Moody, although of course it never showed, Inara sat in the common area and sipped her tea. The crew was in the middle of a long hall through the black. Trips took longer now that Simon and River had joined them, forcing them to circumnavigate Alliance heavy areas when possible. It frustrated Inara, one she couldn’t work, but really it gave her more time on her hands than she had ever been used to. ‘I can always be training, learning never stops for a Companion.’ Duty to her calling satisfied her most days, but increasingly she became absorbed in watching life in all it’s drama among the small crew. Companions usually experienced far greater contact with a larger variety of people for far shorter periods of time, and the year on Serenity had ‘changed her’. It gave Inara a chance to see into the lives of others, to watch how the events between people unfolded slowly or sometimes abruptly.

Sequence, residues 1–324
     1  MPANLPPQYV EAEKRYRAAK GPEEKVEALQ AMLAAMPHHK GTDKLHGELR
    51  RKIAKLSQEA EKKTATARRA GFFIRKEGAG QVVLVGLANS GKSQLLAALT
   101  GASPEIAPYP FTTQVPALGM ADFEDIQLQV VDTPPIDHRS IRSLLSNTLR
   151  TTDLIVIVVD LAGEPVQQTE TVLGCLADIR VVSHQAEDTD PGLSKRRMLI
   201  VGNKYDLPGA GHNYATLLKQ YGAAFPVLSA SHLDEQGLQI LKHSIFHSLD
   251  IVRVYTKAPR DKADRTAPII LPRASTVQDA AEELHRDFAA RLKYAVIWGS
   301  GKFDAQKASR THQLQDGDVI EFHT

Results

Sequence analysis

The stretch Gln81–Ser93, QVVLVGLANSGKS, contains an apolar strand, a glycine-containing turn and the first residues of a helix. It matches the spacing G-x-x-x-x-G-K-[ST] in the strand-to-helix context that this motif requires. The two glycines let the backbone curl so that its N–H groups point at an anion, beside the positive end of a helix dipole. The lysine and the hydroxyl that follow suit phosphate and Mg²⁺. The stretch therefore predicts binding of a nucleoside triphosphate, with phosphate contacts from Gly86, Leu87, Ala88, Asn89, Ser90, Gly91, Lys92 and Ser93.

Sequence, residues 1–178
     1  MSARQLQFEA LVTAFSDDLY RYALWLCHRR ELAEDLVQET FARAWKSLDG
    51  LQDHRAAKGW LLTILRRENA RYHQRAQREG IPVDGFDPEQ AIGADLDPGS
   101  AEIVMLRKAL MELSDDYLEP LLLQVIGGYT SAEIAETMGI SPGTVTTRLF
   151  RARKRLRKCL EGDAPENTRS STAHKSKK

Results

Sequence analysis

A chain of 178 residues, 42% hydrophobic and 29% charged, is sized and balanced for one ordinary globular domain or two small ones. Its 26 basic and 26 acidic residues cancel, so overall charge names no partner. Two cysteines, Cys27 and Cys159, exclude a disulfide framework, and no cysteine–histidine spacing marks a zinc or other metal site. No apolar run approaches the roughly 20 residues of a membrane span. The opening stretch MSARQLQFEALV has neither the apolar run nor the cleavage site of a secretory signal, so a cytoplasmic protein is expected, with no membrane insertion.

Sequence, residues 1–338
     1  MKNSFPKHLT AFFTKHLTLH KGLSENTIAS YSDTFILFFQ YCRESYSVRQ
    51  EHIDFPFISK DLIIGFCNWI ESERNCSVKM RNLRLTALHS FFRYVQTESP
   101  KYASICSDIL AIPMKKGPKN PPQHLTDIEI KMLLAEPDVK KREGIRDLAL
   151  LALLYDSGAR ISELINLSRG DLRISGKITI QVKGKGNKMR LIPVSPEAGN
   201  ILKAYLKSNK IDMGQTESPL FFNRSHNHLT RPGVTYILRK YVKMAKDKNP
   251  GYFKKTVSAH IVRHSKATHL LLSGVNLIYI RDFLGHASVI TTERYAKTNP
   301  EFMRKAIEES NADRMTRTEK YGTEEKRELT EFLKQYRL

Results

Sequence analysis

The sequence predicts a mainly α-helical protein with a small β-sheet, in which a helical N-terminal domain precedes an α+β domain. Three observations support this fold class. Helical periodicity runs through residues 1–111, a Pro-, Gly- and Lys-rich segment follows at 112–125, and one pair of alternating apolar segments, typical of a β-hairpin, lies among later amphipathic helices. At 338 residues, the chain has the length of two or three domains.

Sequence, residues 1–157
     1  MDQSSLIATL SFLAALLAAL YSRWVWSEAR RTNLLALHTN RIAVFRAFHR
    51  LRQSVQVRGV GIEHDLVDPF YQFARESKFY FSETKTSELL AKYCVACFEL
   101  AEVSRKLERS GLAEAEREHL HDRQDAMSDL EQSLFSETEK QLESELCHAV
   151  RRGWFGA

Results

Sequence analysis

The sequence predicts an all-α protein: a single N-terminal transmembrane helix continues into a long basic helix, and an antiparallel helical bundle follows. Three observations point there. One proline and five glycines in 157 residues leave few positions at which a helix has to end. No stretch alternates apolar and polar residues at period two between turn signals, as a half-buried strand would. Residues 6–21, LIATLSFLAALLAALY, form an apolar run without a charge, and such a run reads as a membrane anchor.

Simon and River’s arrival was an example of an abrupt change, for all of them. It changed everything, how people interacted, revealed aspects of their personalities, and in general added a great deal of chaos to all of their lives. ‘Including mine.’ Inara smiled inwardly. She found it ironic after telling Mal in no uncertain terms that she was not signing on to ‘service’ the crew, that she had willingly taken on ‘babysitting’ River when Simon was busy or just needed a break. Although there was no doubt that River was less than coherent at best and nearly uncontrollable at her worst, it was still evident to all that she and Simon loved each other dearly. They knew that they were each other’s only family now. Simon had made himself a wanted fugitive to free her. Inara admired him for his sacrifice and River at times, when she was lucid, had admitted to Inara how much she loved her older brother and was saddened by him giving up his entire life for her. Simon was not particularly comfortable in the new world he found himself in, but Inara didn’t believe that he regretted it. He loved River too much to look back, he just dealt with what life and the crew threw at him day by day. They were together and that was all that mattered.